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If you mean fore and aft pitching, then a friction type stabiliser such as Al-Ko or Winteroff will significantly reduce it.

Brian

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If you mean fore and aft pitching, then a friction type stabiliser such as Al-Ko or Winteroff will significantly reduce it.

Brian

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I would allways wind the steadies down otherwise there is the potential damage to the tow bar and fittings, as we all make sure to get the correct noseweight when travelling, otherwise we could overload the tow ball/hitch safety margin, well how many people out there weigh nothing? because get two of you having a cuppa at the front then the potential stress would not be worth thinking about.

 

Regards

 

Mark

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Hi Mark,

It all depends where the seating is,obviously sitting as far forward as possible is not a good idea without the front steadies down.

The towbar and attachments are stressed to much higher loads than the maximum permitted 'static' noseweight to withstand any increases in loading while travelling due to pitching. The same must apply to caravan drawbar download limits which are as low as 100kgs 'static' on some vans.

Still better safe than sorry. :)

 

Frank

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Hi Mark,

      It all depends where the seating is,obviously sitting as far forward as possible is not a good idea without the front steadies down.

      The towbar and attachments are stressed to much higher loads than the maximum permitted 'static' noseweight to withstand any increases in loading while travelling due to pitching. The same must apply to caravan drawbar download limits which are as low as 100kgs 'static' on some vans.

          Still better safe than sorry. :)

 

Frank

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In reality, two 100kg persons sitting at the front of a van for a cuppa isn't going to load the towball anything like the vertical loading under braking. Even at a steady speed a 50kg noseweight can increase to more than double, due to the wind pressures.

 

Mike

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In reality, two 100kg persons sitting at the front of a van for a cuppa isn't going to load the towball anything like the vertical loading under braking.   Even at a steady speed a 50kg noseweight can increase to more than double, due to the wind pressures.

 

Mike

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Hi Mike,

I think you will find that the vertical loading on a towball varies little under braking,due to the moment arm involved,the main forces being longitudinal. Also airflow over the upper suface of the van actually creates a certain amount of lift, due to the profile being a crude aerofoil.

 

Having an extra 200kgs two thirds of the way between axle and towball is about an extra 130kgs at the hitch. This is like increasing noseweight to 200kgs on the average car. Definitely not agood idea. :(

 

Frank

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Noseweight actually decreases with increase in speed. I have seen a figure of 10Kg per 10mph quoted but not seen any proof of that. That is why it is important to have the correct (i. e. sufficient) noseweight to start with. As well as the aerofoil effect, there is a wind pressure loading on the front, a partial vacuum loading on the rear, both of which add together creating a moment around the axle reducing the noseweight.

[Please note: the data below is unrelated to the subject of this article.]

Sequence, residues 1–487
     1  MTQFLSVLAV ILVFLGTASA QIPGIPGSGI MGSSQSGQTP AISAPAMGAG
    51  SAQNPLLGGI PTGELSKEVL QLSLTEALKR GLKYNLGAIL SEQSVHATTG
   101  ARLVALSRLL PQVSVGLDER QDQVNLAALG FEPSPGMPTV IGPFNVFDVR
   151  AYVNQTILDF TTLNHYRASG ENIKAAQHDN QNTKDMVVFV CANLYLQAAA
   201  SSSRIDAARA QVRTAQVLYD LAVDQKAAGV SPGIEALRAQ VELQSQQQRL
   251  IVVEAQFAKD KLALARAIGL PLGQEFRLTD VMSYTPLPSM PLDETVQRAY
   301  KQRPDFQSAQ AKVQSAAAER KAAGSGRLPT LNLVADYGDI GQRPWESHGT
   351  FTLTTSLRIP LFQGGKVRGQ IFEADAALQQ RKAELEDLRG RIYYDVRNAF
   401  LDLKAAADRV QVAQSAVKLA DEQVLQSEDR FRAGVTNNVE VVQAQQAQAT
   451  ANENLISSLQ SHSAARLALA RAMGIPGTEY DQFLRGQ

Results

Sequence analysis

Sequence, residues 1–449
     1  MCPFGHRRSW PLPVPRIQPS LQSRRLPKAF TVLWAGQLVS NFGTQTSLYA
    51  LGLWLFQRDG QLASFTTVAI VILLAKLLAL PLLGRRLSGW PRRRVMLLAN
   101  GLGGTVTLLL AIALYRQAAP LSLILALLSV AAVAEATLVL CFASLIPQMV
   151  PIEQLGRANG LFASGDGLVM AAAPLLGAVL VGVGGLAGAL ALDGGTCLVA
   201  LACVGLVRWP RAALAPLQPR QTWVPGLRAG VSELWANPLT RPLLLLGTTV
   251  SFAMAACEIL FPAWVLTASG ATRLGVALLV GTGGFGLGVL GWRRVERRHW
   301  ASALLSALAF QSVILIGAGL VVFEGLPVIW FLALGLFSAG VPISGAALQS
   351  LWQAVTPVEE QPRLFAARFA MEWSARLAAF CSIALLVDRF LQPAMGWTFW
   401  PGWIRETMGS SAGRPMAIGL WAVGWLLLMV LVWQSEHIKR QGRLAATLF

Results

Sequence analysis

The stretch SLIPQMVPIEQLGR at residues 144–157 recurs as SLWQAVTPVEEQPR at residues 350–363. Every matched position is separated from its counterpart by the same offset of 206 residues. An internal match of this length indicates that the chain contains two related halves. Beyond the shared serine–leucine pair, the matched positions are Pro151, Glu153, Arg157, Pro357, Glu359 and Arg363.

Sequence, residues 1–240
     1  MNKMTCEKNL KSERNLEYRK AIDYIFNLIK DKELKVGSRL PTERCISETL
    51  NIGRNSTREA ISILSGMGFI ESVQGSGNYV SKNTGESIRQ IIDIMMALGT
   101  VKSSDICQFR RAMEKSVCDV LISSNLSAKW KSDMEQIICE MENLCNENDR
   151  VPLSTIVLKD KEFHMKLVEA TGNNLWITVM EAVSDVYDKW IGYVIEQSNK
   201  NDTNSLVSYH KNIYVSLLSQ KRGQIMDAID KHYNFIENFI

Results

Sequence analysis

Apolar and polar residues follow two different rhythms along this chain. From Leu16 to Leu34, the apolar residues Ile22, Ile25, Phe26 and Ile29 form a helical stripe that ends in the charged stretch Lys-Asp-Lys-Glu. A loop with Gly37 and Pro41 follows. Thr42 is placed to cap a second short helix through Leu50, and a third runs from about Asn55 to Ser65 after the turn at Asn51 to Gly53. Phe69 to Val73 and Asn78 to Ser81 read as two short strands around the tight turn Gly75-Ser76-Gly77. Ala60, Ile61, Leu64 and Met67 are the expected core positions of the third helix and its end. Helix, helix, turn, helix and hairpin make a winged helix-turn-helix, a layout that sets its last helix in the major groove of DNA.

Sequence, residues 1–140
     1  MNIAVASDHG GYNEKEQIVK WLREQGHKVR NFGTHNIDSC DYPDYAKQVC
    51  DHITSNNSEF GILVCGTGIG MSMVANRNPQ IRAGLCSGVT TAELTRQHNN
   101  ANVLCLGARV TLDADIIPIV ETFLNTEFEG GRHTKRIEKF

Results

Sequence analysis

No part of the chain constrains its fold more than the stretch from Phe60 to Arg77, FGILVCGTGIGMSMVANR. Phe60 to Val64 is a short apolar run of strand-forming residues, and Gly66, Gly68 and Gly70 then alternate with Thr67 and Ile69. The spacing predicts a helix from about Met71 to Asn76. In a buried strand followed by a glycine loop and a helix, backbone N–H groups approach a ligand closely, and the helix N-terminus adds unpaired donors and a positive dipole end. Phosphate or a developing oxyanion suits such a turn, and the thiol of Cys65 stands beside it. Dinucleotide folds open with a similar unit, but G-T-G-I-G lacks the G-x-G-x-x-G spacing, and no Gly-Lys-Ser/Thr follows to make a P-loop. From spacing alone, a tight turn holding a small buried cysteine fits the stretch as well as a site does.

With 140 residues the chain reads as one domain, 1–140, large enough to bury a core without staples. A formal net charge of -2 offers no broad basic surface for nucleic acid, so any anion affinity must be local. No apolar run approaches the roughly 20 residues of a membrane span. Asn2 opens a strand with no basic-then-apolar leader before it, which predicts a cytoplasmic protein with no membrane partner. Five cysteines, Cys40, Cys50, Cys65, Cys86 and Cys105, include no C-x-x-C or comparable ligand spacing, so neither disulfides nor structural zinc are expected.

Brian

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So I suppose that is why with insufficient nose weight the rear can appear to lift and reduce grip on the rear wheels?

So as you drive along with the humps and bumps and uphills and downhills is there a great deal of variation in the loading on the tow ball?

Reading this makes me glad that I inserted the spring assistors into my rear suspension.

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Yes there is a transient load imposed on the towbar due to the humps and bumps in the road surface. This can be significantly higher than the dead load and at times may be even negative, hence the reason for the coupling clips under ball. Fitting spring assistors will reduce suspension sag but will increase the transient forces on the towbar as a stiffer suspension will not absorb as much wheel movement. However this should not be considered detrimental.

 

Transient loads are taken into account in the design of towbars and brackets.

 

Brian

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Hi Geoff,

      Yes that is so, and as Brian mentioned earlier using an Al-ko or Winterhoff stabiliser reduces any pitching and hence reduces the vertical load changes seen at the hitch. :)

Frank

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Only AKS 2004/3004. The rest only have lateral friction.

 

Mike

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Only AKS 2004/3004.   The rest only have lateral friction.

 

Mike

8340[/snapback]

Ah well even though I have an old van I had one of those fitted. Everyone said how good they were and I have seen too many upturned caravans.

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SBS,

Perhaps you should take a closer look at the Winterhoff.

8464[/snapback]

 

You're quite right, I should have included the Winterhoff along with the Alko 2004/3004. We have an AKS 2000 and it is excellent. Much more convenient than the blade stabiliser.